Despite the high cost of grading, Virginia is letting more students submit portfolios of their work rather than pass tests, reports the Washington Post. At first, only students with serious cognitive disabilities could bypass the state test, but now Virginia allows portfolios to evaluate “students with learning disabilities or beginning English skills.”
. . . Pass rates for portfolio tests are relatively high, which helps educators meet academic benchmarks but raises questions about the tests’ value in rating schools.
Teachers spend hours assembling each students’ portfolio, which shows work throughout the school year. Then other teachers must be hired to evaluate the work.
Parents of special education students often say the portfolio gives a more accurate picture of their child’s progress. However, some think grading is too easy.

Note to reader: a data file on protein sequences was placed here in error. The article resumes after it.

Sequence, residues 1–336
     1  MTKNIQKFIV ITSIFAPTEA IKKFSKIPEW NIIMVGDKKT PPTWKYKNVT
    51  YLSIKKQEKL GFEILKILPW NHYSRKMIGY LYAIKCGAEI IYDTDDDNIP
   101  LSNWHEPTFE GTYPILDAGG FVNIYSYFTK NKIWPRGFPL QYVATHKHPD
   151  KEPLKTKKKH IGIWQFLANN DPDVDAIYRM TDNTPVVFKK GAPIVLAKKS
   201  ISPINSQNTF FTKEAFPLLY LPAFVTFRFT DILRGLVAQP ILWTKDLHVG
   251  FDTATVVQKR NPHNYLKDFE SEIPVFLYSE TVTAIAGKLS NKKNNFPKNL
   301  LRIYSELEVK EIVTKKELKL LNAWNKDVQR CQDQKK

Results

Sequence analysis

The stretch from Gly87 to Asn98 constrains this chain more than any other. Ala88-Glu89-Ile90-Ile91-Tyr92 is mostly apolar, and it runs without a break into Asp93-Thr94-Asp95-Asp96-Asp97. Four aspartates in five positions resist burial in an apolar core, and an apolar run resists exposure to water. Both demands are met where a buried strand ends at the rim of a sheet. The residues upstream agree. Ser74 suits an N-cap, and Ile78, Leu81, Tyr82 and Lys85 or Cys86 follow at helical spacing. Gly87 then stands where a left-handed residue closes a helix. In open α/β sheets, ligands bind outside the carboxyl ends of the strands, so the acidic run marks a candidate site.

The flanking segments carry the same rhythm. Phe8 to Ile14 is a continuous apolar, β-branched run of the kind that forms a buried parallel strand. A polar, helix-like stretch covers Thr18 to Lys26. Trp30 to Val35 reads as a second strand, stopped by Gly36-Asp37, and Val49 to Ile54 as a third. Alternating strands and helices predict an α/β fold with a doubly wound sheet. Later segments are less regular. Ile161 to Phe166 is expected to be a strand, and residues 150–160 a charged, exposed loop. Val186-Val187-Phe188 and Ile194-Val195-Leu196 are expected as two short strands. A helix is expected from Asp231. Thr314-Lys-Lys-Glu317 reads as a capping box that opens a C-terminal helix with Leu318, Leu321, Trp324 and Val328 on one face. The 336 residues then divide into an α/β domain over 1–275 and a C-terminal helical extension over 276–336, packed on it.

Andrea Rosenthal of Oak Hill, the mother of a Fairfax special education student, said high pass rates on portfolio tests are often misleading because many children who score well on them are far below grade level on other measures. “It benefits the state, not the child, to say they are at grade level when they are not,” Rosenthal said
That is, it’s easier to meet No Child Left Behind’s requirements for educating disabled students and English Learners if they’re judged subjectively.